With its multiple effect, manufacturing is the one sector in the economy that has the potential to create the jobs the country needs so desperately. But the industry is under threat and has declined.
“The industry has not been able to get back the 400,000 jobs lost in the 2008 financial crisis and its contribution to GDP has gone from over 15% in 2008 to under 12% currently. In the 80s, the sector’s contribution to GDP was 24% – double what it is today,” says Ayanda Mngadi, group executive for corporate affairs, Hulamin Ltd and part of the national executive committee of the Manufacturing Circle.
Addressing delegates at the Manufacturing Indaba
last week, she says many factors have contributed to the position the sector currently finds itself in. “Some of these are economic uncertainty, price increases, labour and political uncertainty, competition from the outside and energy uncertainty. The impact has been devasting to the sector and the country.”
Map to a Million New Jobs in a Decade
International experience shows that for South Africa to grow, the manufacturing sector must increase its contribution to GDP, she says.
It is with this in mind that the Manufacturing Circle launched its ‘Map to a Million New Jobs in a Decade’ last year
. A plan she describes as “realistic and constructive, with actionable steps to create an environment in which manufacturing in South Africa can thrive and jobs can be created.”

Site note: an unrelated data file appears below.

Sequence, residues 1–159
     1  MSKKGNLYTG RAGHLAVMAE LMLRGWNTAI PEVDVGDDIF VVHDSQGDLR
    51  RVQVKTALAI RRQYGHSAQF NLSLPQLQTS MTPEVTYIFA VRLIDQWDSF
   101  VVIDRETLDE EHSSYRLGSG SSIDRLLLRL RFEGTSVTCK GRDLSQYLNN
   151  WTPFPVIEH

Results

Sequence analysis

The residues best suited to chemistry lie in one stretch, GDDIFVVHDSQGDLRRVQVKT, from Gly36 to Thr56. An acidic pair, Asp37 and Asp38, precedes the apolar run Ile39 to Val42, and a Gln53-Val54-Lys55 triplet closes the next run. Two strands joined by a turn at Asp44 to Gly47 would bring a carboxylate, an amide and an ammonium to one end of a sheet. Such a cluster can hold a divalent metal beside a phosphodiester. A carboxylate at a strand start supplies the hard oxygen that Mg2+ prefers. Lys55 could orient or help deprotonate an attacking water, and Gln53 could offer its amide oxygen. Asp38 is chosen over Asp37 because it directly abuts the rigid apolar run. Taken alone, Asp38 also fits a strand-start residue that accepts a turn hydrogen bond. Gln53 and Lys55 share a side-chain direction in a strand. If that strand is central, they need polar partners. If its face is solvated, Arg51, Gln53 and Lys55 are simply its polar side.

The Manufacturing Circle has launched a plan containing constructive and actionable steps to create an environment in which manufacturing in South Africa can thrive...
27 Nov 2017
“We have identified the constraints to address and detailed proposals to nurture an environment that will see manufacturing thrive,” she adds.
The first priority, she says, is to prevent further deindustrialisation in areas such as the Vaal Triangle and therefore arrest further job losses. “Secondly a number of interventions have been established to increase domestic demand and substitute international products. For example, government and business need to support the Proudly SA and dti programmes as well as locally manufactured goods of quality.”
Policy certainty and currency stability
But she adds a lot more needs to happen. “We need great policy certainty and greater currency stability. Problems in State Owned Enterprises (SOE) are hindering manufacturing, and the certainty and stability within these structures are important. So is the Competition Commission as it regulates monopolies. Municipalities need to be maintained to deliver, as does education to ensure we have the right skills. It is a lot we are asking, but we need to leverage our position as stakeholders to do so,” she says.
Manufacturing Indaba 2018 promises to be bigger and more innovative than ever before, providing the broader manufacturing industry with a roadmap and the connections to unlock their growth potential and deliver accelerated GDP growth...
Lauren Hartzenberg 28 May 2018
She emphasises the importance of being bold in driving industrialisation. “This challenge rests on our shoulders and it is our responsibility to contribute to the South Africa we all aspire to. Manufacturing should remain the backbone of our economy and it is our responsibility to ensure it remains so.”
Mngadi adds that despite 25 years of democracy and good intentions, this winter the country is once again facing load shedding. “This is a threat to the economy.” The Manufacturing Circle was established in 2008 as a corporate association of manufacturers. It conducts research and engages with key stakeholders to promote the benefits of manufacturing growth for the broader economy, influence policy, and highlight opportunities and key priorities for manufacturing growth.
The Manufacturing Indaba took place on 19 and 20 June at the Sandton Convention Centre.